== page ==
Exploring the Effects of the “COVID Gap Year”

Written by Alex Gallaway

The shadows of the COVID-19 pandemic still move through the halls of every educational institution in the world. Even if masking and social distancing seem like a thing of the past, we still see echoes reflected in increased competitive GPAs, greater opportunities for online classes, and the elimination of the idea that it’s good to “tough it out” and attend classes when you have a stuffy nose. You could do a doctoral thesis on how the pandemic affected education as a whole, but for the purpose of this article, I wanted to examine one aspect in particular: the “COVID Gap Year.” 

I graduated from high school in June of 2020, about three months after pandemic fears, dangers, and restrictions came into play in Alberta. I was accepted into two different college institutions, but decided to take a gap year in order to avoid online classes and to try and upgrade my marks to get into University. In my case, my gap year was one of the better decisions I made in terms of my academics, and it ended up paying off as I started at The University of Lethbridge the following fall of 2021. However, I also have had friends and peers who feel as though their pandemic work/upgrading year simply wasted their time or slowed them down. This inspired me to do a more thorough look into the experiences of those who took a gap year or semester between the start and end of pandemic restrictions. 

Although the student body at the UofL is quite large, the group of students who have taken a gap year and returned is smaller than you might expect. I reached out to several classes in the University, as well as a few friends from other institutions, and gathered a handful of statistics, as well as comments from students who have taken a gap year or semester previously. Most students surveyed (45%) started their gap time in 2020, with an even 27% starting in both 2021 and 2022. 72% of students had three to five or more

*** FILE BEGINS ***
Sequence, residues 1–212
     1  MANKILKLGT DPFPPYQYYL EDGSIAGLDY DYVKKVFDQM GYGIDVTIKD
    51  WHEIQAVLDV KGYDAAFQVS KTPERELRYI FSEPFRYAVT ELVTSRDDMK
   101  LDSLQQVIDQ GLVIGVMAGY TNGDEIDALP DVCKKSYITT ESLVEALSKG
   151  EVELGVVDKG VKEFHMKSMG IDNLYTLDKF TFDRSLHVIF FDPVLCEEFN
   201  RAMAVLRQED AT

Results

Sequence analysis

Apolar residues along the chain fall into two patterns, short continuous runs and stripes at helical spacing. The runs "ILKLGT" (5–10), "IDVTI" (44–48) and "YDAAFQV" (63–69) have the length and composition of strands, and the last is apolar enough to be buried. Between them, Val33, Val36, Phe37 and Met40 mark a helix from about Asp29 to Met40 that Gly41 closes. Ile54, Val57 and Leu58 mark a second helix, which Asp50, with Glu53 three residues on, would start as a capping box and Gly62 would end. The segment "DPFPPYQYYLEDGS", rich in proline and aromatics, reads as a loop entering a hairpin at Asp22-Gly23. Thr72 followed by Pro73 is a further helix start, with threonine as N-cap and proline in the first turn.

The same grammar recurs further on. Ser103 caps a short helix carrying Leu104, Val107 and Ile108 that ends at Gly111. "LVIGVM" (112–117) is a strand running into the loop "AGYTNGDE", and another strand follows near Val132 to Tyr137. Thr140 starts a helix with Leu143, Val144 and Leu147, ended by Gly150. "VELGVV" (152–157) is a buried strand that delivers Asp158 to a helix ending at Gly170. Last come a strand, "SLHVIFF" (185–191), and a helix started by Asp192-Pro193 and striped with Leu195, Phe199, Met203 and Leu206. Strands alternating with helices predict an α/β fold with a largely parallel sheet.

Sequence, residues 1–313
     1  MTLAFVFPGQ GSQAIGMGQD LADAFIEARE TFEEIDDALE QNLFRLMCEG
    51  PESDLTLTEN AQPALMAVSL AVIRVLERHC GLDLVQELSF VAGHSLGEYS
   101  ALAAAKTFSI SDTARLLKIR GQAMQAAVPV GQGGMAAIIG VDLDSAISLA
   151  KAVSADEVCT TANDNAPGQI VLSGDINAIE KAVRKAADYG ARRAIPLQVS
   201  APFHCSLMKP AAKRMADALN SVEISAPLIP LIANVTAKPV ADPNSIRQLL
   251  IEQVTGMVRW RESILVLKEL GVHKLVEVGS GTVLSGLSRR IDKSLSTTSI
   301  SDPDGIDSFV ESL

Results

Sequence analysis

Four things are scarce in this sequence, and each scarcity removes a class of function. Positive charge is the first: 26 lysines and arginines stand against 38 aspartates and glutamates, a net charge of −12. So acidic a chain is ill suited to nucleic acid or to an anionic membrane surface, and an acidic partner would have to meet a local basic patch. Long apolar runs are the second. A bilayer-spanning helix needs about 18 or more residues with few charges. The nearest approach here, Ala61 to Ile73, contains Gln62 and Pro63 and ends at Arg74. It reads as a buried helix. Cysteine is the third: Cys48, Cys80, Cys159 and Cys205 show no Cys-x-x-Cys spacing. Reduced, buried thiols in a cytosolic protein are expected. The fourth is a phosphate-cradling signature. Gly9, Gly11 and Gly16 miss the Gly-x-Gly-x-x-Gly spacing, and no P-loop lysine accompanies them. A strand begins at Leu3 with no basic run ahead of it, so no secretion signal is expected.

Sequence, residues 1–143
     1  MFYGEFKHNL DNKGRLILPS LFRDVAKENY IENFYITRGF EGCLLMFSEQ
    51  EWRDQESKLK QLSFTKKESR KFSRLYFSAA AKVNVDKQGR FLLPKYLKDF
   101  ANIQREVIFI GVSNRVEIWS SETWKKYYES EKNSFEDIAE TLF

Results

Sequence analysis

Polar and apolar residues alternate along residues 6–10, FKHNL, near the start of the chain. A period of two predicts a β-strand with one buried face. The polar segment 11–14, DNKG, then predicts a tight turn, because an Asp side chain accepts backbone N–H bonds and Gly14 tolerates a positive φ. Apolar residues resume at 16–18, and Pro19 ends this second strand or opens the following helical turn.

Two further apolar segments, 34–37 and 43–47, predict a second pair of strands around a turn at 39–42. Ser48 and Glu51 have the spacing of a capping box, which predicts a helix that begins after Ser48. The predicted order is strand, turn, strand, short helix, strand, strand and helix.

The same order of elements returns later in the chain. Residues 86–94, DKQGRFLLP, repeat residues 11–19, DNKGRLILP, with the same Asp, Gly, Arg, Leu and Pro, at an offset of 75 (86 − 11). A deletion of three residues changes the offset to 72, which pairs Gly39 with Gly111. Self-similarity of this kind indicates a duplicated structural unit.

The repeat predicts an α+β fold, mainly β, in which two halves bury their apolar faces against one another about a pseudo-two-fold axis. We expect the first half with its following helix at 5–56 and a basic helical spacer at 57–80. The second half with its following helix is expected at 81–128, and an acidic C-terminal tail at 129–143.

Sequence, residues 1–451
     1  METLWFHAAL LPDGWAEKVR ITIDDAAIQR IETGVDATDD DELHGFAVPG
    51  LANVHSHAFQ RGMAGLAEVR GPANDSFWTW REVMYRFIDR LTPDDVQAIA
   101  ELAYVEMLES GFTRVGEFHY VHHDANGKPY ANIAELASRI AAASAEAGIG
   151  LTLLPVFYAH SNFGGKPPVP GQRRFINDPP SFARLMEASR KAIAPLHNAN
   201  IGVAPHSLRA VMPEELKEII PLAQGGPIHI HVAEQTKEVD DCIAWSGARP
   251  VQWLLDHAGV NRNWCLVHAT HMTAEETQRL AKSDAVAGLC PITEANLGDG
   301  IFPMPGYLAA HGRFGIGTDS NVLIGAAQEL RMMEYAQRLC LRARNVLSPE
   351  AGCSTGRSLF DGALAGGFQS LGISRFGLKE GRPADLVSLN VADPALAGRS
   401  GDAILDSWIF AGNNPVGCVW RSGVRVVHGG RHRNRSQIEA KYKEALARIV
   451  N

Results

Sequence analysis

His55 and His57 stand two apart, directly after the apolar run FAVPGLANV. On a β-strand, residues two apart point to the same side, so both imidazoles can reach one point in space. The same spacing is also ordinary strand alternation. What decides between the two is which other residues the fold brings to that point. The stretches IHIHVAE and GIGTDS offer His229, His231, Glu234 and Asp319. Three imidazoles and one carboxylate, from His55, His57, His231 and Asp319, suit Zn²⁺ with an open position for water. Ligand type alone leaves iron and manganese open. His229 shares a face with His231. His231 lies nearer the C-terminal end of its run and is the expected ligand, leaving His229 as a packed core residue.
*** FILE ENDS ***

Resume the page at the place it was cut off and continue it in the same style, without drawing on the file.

semesters of their schooling (high school or post-secondary) affected by the pandemic, with the remainder having one to two semesters affected. 

Questions four and five pertained to why students chose to take a gap year. While 31% stated that personal reasons were the main contributing factor, avoiding online classes was a close runner-up with 27%. 64% listed COVID-related reasons as a contributing factor towards taking a gap year (avoiding online school, masking, vaccines, social distancing, etc). 

Question six asked students what the most detrimental part of seeking an education during the pandemic was. Although a few students answered that mandatory masking, limited access to activities, and missed practicum were detrimental to their academics, a notable 77% stated that the worst part of school during the pandemic was online classes. Unsurprisingly, no students stated that their schooling was left unaffected by the pandemic. 

Of the students surveyed, roughly 36% stated that they would not have taken a gap year had it not been for the pandemic. Although it’s less than half, that’s a considerable amount of students who, had it not been for the pandemic, would not even have considered taking a gap year/semester. The most outstanding statistic in this survey was that 95% of students said they don’t regret taking a gap year, with most of those being strong “I don’t regret it at all” answers. 5% answered “neutral,” and not one student I surveyed stated that they regretted their gap year somewhat or at all.

There was an overwhelmingly positive response when it came to comments about gap years. A comment from one student read, “I think [I] was really burnt out after most of my high school experience being through the pandemic, and taking the gap year before I came to the university really let me recharge in a number of areas. I came back motivated to learn and do well, craving the structure of a schedule of classes… It really helped, I feel, in finding a way to recognize the need for a balance and how to attain that balance.” Another response

read, “I lost a lot of my friends during my gap year, as they all went straight into post-secondary out of high school. I think that had high school gone normally, I would have lost them anyway. On the plus side, I got a lot of new friends and new priorities during my gap year.” Initially, I was expecting a lot of negative responses from people who took gap years; people feeling like they missed out, wasted time, or lost out on experiences. Most of the scarce complaints were from people who said they lost some social relationships but that it was worth the benefits of feeling better-prepared for university and avoiding online/distance learning. 

Although the pandemic was detrimental to students in many ways, my research and experience have shown that it also persuaded many to take gap years before/during post-secondary, which most students appear to believe helped them in their academics overall.

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